Now this is the point in the post where we should start highlighting the best parts of Eric Lipton’s article, followed by mildly snarky quips. But the entire piece is so delicious that it would be wrong to pick out excerpts. Please read the whole thing for yourself, by clicking here.
Okay, are you done? Great. Discussion continues after the jump.
* Still excited about last weekend’s Kentucky Derby? Here are the rules for betting on the Iowa and NH Derbies. [Slate]
* NBA playoffs as a metaphor for the presidential race. [SI]
* World Bank panel finds Wolfowitz violated rules in getting his girlfriend a job. [MSNBC]
* Prominent U.S. lawyers to dine with Queen of England. [WSJ Law Blog]
* “A series of sometimes bizarre events, including a judge’s tumble from a ladder and a case of appendicitis, have delayed” R. Kelly’s trial for five years. [CNN]
* It could have been the principle of the matter. Or maybe just the drugs. [AL.com]
* Hugh Grant’s “assault” looks more like a pas de deux, but in any case, this is way more boring than another Divine Brown. [Daily Mail]
* And here I thought that “bible quiz” was just code for blow-job. [Middletown Journal]
* Australia, ultimately settled by British prisoners, seems to have forgotten its origins. [Fox News]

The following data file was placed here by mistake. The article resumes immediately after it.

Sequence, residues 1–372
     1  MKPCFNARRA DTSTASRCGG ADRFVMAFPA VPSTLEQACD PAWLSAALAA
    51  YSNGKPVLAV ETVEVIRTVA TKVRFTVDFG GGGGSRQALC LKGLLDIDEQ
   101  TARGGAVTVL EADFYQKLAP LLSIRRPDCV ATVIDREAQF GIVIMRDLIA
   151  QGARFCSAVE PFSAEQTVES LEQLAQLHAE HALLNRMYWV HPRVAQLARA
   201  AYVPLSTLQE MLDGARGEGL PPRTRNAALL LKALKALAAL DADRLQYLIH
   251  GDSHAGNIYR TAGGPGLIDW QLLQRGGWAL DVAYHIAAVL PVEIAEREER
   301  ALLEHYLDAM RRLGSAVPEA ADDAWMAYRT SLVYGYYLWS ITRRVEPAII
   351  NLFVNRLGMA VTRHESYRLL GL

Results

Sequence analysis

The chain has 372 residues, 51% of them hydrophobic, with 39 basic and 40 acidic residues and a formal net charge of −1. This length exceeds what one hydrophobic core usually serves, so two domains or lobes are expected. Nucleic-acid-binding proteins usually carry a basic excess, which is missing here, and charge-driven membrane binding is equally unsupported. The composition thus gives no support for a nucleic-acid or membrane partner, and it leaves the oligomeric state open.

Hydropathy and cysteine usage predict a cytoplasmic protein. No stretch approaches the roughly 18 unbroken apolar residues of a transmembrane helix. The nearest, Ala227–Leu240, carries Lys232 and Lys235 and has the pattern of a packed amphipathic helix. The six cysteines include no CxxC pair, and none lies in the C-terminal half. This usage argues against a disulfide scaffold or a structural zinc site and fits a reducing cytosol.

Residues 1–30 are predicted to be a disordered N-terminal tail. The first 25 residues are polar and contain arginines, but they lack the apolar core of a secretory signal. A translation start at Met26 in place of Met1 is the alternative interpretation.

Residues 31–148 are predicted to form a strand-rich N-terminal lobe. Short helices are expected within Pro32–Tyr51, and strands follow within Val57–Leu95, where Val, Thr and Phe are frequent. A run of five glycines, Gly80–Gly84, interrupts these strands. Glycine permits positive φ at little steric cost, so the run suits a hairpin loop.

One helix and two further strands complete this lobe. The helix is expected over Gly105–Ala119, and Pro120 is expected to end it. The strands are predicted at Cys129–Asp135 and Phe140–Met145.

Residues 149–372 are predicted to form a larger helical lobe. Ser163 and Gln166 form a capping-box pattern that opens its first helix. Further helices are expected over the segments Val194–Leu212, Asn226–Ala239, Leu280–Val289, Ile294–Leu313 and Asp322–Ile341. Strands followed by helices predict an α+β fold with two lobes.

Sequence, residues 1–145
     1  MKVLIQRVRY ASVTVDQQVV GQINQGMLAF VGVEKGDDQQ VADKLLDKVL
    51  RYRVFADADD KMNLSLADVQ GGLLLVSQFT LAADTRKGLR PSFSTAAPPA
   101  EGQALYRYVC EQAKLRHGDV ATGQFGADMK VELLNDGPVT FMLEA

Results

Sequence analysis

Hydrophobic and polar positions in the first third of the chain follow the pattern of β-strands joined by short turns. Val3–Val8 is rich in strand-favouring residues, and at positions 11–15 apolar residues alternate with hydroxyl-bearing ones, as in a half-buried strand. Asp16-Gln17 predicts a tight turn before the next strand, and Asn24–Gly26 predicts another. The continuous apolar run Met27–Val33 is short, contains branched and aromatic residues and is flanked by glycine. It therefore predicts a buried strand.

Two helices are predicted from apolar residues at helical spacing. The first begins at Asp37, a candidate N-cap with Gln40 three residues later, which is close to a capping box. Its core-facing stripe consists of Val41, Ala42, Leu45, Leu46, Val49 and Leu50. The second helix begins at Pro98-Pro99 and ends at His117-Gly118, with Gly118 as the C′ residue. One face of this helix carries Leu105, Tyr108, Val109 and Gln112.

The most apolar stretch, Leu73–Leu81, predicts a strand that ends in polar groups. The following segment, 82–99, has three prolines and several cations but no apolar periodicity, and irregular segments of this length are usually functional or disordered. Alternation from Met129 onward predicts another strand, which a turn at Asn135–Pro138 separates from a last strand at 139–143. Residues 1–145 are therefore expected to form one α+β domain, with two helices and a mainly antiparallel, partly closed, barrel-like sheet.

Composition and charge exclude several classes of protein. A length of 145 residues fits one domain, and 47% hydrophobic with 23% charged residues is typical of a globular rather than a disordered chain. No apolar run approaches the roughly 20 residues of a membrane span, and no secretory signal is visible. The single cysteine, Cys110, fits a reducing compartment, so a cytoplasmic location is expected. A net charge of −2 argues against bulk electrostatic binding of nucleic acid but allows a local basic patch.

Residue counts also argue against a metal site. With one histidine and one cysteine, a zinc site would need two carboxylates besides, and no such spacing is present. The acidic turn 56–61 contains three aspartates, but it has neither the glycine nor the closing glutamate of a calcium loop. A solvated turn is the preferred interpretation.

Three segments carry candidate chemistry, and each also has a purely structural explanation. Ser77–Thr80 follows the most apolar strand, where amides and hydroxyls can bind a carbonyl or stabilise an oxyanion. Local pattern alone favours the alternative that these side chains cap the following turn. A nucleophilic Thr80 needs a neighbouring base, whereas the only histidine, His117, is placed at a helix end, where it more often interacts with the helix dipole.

* The headline screams “Britney!” But, in fact, this plaintiff was not wearing too-long jeans and fleeing the press — he was tasered. [Houston Chronicle]
* In my college days, this kind of activity was confined to private study booths known as “weenie bins.” We respected the books. [AP via Yahoo! News]
* Are royalties drying up, or is this (PDF) a legit lawsuit? [Los Angeles Times]
* Is teamwork encouraged in law school? Well, there is no “I” in team, but there sure is one in “Order of the Coif.” [Law School Innovation]
If Karl Rove’s rap performance has caused you to harbor grave doubts about the ability of white guys to rap, this video — a “Beastie Boys” parody, produced for the 2006 Virginia Law Libel Show — may restore your faith:
People in certain lines of work — e.g., litigation, rapping, blogging — develop pretty thick skins. If you get attacked, insulted, and criticized on a daily basis, you stop noticing it pretty quickly.
So why is Eminem so sensitive?
(He claims he’s going to court to protect his 11-year-old daughter, Hailie, from being exposed to negative comments about her father. But we suspect she has plenty of other issues.) Eminem goes to court to shut Kim up [Detroit News via Drudge Report]